As Booker notes above, there are, however, a number of common things that can be found in all popular novels. But using common or popular tropes in your fiction isn’t necessarily a bad thing. While they may seem tired and overdone, they have worked for a reason. They engage the reader at some level. If it is very well written with compelling characters and an engaging story, the fact that the thematic device (the trope) isn’t surprising may still find a ready-made audience.





Leave a Comment

Lessons Learned As a Literary Agent

Dan is leaving the agency at the end of this month to focus his attention on the work of Gilead Publishing, the company he started in 2016. Here are some parting thoughts. _____ I’ve been a literary agent for about 2,000 of the 13,000 total days spent working with and …

Read More

The Biggest Question About Your Book

Authors are like small businesses. They have a finance department, a marketing department and an editorial wing. Then there’s the travel, human resources, IT and facilities management departments, all managed by one person, the author. While writing quality and author platforms are discussed at every writer’s conference, those aren’t the …

Read More

Same Message, Different Reader

When a published book is successful (sells well), the publisher and author begin pondering how to be successful again with the next book. Often times, the solution to the repeat-success puzzle in non-fiction is having a similar message but aimed at a different audience. You’ve seen it happen many times, …

Read More

A Writer’s Beatitudes

In the famous “Sermon on the Mount” passage in the Bible’s Gospel of Matthew, Jesus presented a series of eight “beatitudes.” Each was a saying that turned conventional wisdom on its head, showing how in God’s eyes the oppressed are blessed and the despised are prized. No one can improve …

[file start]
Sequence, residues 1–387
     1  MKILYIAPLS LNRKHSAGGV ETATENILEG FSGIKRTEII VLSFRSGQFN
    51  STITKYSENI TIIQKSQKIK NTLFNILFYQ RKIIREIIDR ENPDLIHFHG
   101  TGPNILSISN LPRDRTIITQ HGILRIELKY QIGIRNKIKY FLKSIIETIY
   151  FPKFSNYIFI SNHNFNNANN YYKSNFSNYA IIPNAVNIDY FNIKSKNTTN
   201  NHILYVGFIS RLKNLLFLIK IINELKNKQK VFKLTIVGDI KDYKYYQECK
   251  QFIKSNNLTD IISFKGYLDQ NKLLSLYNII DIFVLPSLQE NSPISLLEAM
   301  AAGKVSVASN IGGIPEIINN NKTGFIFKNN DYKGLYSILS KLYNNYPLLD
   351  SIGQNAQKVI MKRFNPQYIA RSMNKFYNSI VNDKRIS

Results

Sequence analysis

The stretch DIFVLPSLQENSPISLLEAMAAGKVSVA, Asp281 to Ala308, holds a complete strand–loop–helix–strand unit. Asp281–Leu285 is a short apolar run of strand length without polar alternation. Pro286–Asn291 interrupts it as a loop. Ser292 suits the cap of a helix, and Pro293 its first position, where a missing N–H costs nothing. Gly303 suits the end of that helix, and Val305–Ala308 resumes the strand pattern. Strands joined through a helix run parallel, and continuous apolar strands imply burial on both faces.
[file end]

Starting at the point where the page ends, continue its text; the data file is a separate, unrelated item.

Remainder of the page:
Read More

Create Magic with Words

Years ago, I took my five-year-old daughter to Toys R Us to meet “Barbie.” “Barbie” turned out to be a cute and charming teenager who, yes, looked like the classic blonde image of the doll. She wore a pretty pink gown. I expected a lot more fanfare around this event. …

Read More

I Feel This Post May Hurt Your Thinkings

Everyone has pet peeves. I have a menagerie of them. One of my favorites is the common (and fairly recent) tendency of English speakers and writers to confuse and conflate the words, “feel” and “think.” But feelings are not thoughts and thoughts are not feelings. That might seem obvious and …

Read More

Book Reading in a Social Media World

At some point every writer confronts the trend of readers who would rather consume 140 characters in social media than 140 pages of words. Social media and smart phones change everything in our world and their impact on book reading and writing is substantial. At the same time social media …

Read More

A Title Wave

Some writers find it hard to title their work; others have as much (or more) fun creating titles as they do writing articles, stories, or books. So, just for fun, I asked some of my colleagues and clients: “What title of a nonexistent, imaginary, unwritten, or unpublished work do you …

Read More